Bruce Watson's Profile > Messages Posted

Subject: Genetics, Race, and Politics

Forum: Genetics, Race, and Politics
This week, Senator Elizabeth Warren released an analysis of her DNA to refute President Trump's claims that she lied about having Native American ancestors. While Warren drew both support and criticism, there was no question of her political intent: Her release took aim at a longstanding attack by Trump, and she immediately pivoted to raise questions about his withheld tax forms and his earlier promise to donate $1 million to a charity of her choice if she submitted to a DNA test. Almost immediately, the President responded with tweets downplaying the issue of her heritage and questioning the accuracy of her genetic test.

What's far more interesting than Senator Warren's release and President Trump's response is what both events say about the meaning of race in our culture. For example, less than a day after Warren's release, representatives of the Cherokee nation pointed out that she is not a recognized member of any tribe, and that--for them--her DNA was insufficient backing for her claims of tribal heritage. Other, non-native critics questioned whether the very small amount of Native American DNA in her profile justified her claim of heritage.

The irony is that, according to Warren and her siblings, her parents eloped because her father's family didn't want their son marrying a woman with ANY native heritage. And, lest the message isn't clear, the US has a long history of racial prejudice against people who carry any non-European heritage.

It's particularly striking that all of this is occurring against the backdrop of Black Lives Matter, ICE detentions, immigration restrictions against Muslims, voting rights battles in Georgia, and other events that are casting fresh light on America's struggle with institutionalized racism.

Your Challenge:
How do you view Trump and Warren's battle? What does it say to you about race in America, or in our culture? How do you think your race impacts your position in society? Do you agree or disagree with Senator Warren's decision to make her genetic profile public? Why?

Subject: Get Your War On

Forum: Get Your War On
In a recent campaign ad, West Virginia Senator Joe Manchin loaded up his shotgun and literally took aim at an anti-Obamacare bill. Think about that for a sec: a national politician and former governor loaded a shotgun on TV and blew a hole in a piece of legislation. This follows a former ad in which Manchin took aim at some of the “bad parts” of Obamacare and shot them, too.

Talk about your militant imagery!

It’s not surprising that Manchin used guns to woo voters: America loves to wage war. There are our real wars, of course -- Afghanistan, Iraq, possibly Iran -- and then there are the metaphorical ones, like the war on drugs, the war on terror, the wars on women or men, on gangs and guns and coal and Christmas.

These wars have had mixed effects. For most of us, the most visible effect of the war on terror is that we are filled with terror every time we see an unattended bag at an airport. As for the war on drugs, it doesn’t seem to have done much to halt the ever-rising tide of opiate overdoses.

Worse yet, these “wars” also tend to pit us against each other, often without our consent. The gender war, for example, suggests a good side and a bad side, a villain(ess) and a hero(ine). Often, we’re automatically placed on one side or another based on our biology, not beliefs. And, even if we’re able to factor in our beliefs, the “war” metaphor assumes that we’re all in or we’re all out, that all of our values fit into column A or column B. There’s no room to pick and choose your values or -- better yet! -- demand a little nuance in your political beliefs.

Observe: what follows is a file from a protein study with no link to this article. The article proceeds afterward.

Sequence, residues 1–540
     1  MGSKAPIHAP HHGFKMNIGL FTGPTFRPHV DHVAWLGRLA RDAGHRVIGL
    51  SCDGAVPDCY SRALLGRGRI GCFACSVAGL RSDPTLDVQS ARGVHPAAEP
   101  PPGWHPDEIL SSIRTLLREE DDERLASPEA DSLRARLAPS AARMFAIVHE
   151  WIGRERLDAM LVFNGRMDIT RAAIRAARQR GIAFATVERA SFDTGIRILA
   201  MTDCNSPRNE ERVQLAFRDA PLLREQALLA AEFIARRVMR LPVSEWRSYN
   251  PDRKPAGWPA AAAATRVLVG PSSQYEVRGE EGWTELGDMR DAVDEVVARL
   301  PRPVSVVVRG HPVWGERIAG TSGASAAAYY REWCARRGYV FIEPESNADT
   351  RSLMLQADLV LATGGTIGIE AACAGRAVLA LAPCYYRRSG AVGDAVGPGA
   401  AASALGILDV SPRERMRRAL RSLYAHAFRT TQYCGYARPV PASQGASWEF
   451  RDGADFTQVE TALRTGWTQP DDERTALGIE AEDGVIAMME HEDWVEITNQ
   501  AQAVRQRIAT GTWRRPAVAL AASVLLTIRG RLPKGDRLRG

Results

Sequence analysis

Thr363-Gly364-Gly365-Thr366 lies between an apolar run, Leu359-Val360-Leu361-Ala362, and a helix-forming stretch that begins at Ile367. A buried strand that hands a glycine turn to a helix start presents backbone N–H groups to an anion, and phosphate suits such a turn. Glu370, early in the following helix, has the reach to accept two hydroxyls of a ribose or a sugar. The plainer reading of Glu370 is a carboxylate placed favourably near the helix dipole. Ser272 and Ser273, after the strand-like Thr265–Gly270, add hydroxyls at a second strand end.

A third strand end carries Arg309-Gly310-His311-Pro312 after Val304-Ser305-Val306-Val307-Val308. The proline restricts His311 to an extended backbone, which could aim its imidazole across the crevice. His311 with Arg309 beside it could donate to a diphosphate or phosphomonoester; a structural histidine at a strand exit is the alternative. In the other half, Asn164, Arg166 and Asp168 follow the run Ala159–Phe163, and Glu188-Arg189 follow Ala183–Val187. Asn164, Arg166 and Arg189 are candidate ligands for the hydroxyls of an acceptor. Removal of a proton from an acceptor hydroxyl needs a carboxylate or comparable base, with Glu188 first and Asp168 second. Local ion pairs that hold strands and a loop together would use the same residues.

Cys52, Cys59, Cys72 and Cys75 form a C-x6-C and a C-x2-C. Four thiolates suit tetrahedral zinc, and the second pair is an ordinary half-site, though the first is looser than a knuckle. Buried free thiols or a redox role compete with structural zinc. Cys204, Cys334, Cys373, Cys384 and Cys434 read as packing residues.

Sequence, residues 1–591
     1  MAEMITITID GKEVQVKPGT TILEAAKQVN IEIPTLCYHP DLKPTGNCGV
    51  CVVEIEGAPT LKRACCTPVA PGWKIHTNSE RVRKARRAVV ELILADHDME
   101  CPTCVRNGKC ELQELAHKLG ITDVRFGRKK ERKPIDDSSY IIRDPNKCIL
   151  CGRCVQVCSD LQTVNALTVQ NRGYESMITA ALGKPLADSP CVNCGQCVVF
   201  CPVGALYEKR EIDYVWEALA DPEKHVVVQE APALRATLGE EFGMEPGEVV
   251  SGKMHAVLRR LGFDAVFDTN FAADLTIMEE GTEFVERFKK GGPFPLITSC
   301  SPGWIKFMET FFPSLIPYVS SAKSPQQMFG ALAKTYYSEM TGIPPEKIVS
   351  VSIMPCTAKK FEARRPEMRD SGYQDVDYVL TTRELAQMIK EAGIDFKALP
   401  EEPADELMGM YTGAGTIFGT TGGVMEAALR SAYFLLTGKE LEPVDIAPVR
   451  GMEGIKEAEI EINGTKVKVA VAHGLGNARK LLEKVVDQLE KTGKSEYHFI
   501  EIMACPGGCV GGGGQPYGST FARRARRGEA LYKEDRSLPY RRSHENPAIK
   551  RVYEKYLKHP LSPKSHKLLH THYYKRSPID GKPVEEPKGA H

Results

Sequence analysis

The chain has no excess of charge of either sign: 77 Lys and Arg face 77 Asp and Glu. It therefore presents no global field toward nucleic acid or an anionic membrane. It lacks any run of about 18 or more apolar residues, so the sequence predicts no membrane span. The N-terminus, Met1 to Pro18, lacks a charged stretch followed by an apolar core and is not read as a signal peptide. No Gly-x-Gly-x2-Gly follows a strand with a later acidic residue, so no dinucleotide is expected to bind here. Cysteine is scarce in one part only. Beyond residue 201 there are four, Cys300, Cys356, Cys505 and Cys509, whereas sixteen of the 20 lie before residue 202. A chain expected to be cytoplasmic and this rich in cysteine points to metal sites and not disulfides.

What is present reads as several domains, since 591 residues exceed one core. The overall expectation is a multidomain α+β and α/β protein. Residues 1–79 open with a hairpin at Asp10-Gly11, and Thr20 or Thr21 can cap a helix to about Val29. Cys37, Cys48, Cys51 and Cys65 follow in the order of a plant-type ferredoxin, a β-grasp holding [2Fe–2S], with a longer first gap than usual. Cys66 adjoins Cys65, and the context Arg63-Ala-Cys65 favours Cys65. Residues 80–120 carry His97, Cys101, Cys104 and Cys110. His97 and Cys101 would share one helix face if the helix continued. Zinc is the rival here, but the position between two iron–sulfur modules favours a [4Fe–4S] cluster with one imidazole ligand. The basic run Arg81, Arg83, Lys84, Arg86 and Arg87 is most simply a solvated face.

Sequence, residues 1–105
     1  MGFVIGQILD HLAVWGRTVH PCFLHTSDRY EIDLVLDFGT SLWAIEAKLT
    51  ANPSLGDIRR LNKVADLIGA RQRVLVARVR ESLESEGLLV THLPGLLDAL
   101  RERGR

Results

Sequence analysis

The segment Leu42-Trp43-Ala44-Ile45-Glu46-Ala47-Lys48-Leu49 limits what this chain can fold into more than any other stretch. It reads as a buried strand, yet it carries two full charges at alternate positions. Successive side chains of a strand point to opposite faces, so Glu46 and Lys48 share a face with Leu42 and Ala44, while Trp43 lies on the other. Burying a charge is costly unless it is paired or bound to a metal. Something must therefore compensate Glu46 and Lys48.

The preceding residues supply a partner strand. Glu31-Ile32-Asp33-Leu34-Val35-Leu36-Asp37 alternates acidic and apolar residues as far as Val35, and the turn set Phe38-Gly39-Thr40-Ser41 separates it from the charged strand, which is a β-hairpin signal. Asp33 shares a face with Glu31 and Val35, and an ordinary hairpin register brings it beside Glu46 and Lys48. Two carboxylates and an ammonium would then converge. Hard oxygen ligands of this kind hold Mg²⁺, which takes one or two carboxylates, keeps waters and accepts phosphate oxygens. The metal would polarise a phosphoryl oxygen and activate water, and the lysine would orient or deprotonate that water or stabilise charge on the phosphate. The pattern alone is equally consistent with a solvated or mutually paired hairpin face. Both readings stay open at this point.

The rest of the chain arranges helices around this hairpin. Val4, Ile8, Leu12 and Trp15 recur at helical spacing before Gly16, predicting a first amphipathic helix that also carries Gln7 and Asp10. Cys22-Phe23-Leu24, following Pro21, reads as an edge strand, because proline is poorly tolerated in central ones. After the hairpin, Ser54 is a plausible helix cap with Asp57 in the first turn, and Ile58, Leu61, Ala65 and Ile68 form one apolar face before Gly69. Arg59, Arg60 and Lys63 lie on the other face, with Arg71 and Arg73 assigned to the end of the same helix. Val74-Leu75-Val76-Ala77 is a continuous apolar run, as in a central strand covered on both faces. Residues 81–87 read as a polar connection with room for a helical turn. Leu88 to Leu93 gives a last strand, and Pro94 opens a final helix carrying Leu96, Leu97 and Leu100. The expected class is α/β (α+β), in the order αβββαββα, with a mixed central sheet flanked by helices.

All too often, our “wars” give us clear-cut battles, at the expense of a realistic assessment of a larger problem. The war on gangs, for example, focuses on whether gangs are good or bad, not their underlying causes or the policies that could address those causes. The “war” between football players and NFL teams frames the issue as a battle over kneeling, not a question of the impact of institutionalized racism and police violence in the US.

So, are you ready to take on war?

Your Challenge:

Think about one of our many cultural wars and skirmishes. Address some of the rhetoric surrounding the war -- the generalizations laying out the various sides, for example -- and then take a stab at addressing the more nuanced issues that underly the rhetoric. Suggest a better, more effective way to address the situation.

Subject: Who Gets to Be American?

Forum: Who Gets to Be American?
About a year ago, the posters started showing up in my neighborhood. Printed in red ink on a white background, they read “CHINGA LA MIGRA!,” and gave readers a number to call if they were having problems with immigration. The English language version was more polite -- it said “ICE-FREE ZONE” -- but the message was still clear: this was a safe area for immigrants.

In the news, the message is different. We regularly see the President and members of his inner circle talking about the dangers of immigrants -- the drag on our social safety net, the threat of criminal gangs, and the alleged damage to our culture.

In the last month or two, the rhetoric around immigration in our culture have been particularly ugly. But while child separations and the current attacks on legal immigrants that are being discussed by members of the Trump administration are extreme, anti-immigration bias is hardly new. America has had a strong vein of anti-immigration sentiment at least since the 1800s.

At the heart of all of this lies a fundamental question -- and a major contradiction. The contradiction is the fact that the US economy is largely based on cheap, illegal labor. Those are the people who pick our grapes and build our homes, take care of our kids and clean our hotel rooms. Their illegal status makes it possible to underpay them, and many companies both rely on them and take brutal advantage of them. They are vital to our country, yet are not legally allowed to be here.